OTTAWA, Ont. — One of Canada’s largest unions is crying foul over the RCMP’s decision to order a union-chartered plane flying over Ottawa to land, accusing the Mounties of doing so for political reasons.
The Public Service Alliance of Canada says the plane was carrying a French-language banner on Saturday that translates into “Stephen Harper hates us.”
An RCMP spokeswoman said in an email that the plane appeared to be flying within restricted airspace over Parliament Hill so the Mounties requested it land.
“The RCMP is mandated with the security on the grounds of Parliament Hill and the RCMP takes all threats seriously,” said Cpl. Lucy Shorey.
The RCMP questioned the pilot and determined there was no security threat and considers the matter closed, Shorey said.
Larry Rousseau, regional executive vice-president for PSAC in the national capital region, says the bottom line for the union is that the plane had to land sooner than it had planned.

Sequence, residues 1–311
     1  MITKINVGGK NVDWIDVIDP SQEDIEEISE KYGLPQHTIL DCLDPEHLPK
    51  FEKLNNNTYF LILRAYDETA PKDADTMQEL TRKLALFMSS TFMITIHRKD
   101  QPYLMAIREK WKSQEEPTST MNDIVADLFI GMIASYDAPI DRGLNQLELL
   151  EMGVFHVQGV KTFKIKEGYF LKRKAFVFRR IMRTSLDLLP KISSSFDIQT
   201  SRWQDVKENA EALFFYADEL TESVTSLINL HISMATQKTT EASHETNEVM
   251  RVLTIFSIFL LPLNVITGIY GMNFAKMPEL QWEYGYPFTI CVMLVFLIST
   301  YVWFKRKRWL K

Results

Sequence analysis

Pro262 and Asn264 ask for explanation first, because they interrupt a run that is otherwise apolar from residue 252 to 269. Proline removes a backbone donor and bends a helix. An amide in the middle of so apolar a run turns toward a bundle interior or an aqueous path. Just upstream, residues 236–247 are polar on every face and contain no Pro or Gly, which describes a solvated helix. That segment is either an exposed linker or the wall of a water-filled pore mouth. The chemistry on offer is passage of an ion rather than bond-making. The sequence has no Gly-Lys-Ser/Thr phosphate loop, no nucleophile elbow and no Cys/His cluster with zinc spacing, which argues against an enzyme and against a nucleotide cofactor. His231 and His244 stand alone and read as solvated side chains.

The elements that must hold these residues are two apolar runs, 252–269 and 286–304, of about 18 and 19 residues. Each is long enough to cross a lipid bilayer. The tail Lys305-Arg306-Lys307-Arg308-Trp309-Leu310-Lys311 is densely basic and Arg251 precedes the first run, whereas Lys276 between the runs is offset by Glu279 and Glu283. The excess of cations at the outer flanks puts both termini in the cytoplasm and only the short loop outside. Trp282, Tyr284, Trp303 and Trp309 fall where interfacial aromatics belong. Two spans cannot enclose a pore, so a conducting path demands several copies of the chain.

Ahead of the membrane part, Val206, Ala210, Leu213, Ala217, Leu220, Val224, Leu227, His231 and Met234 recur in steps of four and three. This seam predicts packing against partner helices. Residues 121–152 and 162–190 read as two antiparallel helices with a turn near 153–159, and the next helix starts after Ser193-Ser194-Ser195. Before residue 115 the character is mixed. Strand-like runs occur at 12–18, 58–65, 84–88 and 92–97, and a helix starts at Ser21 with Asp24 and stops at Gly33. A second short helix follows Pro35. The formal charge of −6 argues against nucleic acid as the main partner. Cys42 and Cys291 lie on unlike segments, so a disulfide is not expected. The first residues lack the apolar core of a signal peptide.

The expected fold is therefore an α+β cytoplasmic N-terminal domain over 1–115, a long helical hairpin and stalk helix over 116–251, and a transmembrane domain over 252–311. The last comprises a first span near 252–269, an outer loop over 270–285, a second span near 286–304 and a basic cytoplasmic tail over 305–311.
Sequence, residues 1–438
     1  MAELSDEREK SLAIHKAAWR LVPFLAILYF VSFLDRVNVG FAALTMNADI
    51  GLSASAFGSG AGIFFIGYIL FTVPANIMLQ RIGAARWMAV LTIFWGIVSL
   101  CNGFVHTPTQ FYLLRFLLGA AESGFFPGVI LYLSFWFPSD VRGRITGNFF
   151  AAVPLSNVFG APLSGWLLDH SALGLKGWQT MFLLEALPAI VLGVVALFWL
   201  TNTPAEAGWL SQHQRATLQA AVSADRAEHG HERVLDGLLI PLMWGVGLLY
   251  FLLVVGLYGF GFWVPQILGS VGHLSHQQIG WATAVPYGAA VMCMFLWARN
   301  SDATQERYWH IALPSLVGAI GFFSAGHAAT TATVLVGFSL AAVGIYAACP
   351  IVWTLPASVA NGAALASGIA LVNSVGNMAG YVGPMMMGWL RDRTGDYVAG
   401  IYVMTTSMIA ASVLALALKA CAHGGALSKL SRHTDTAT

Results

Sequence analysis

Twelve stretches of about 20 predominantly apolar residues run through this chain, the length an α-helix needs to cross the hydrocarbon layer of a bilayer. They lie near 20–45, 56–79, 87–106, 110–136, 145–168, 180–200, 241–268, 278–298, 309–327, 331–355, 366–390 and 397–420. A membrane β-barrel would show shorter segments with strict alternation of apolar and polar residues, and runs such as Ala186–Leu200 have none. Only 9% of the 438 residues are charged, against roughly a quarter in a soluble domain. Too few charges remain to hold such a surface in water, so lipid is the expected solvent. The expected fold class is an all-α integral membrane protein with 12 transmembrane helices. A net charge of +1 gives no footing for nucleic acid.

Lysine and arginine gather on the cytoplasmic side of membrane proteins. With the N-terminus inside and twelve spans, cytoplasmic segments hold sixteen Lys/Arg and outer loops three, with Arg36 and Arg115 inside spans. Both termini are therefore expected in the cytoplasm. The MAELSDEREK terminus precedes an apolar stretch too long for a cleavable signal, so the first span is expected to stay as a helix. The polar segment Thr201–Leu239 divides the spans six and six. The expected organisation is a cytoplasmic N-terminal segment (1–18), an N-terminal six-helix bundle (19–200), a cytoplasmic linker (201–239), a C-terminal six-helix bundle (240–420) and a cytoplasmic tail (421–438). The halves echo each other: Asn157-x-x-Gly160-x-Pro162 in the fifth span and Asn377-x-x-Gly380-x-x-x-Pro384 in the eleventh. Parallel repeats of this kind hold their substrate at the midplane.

“The message stopped being apparent to the public,” Rousseau said in an interview Monday night.
The plane had been towing the banner over Montreal and other communities in Quebec recently, something the RCMP could have easily checked out, Rousseau said
A union news release indicates the pilot was aware of airspace restrictions in place in Ottawa and says Nav-Canada has confirmed the plane did not venture into the restricted zone.
“I have to exclude the national security reasons,” said Rousseau.
The union has been waging a public relations battle with the Harper government over its plans to slash thousands of public sector jobs and has received a favourable response from its members over its airborne campaign, Rousseau said.
”We certainly want to see that plane back up on the air as soon as we can.”
“Anyway I analyze it, upways, sideways, verticalways, I really have to ask the question, what was the real purpose for asking the plane to come down?” he said.
”What the effect of that (the decision to ask the plane to land) was…..was to get that banner out of the sky.“
“Here you have a plane, duly registered, owned by a company that does publicity and that has been flying over many regions of Quebec over the past two weeks.”
The Mounties could have had a radio conversation with the pilot to find out what he was doing instead of telling him to land, Rousseau added.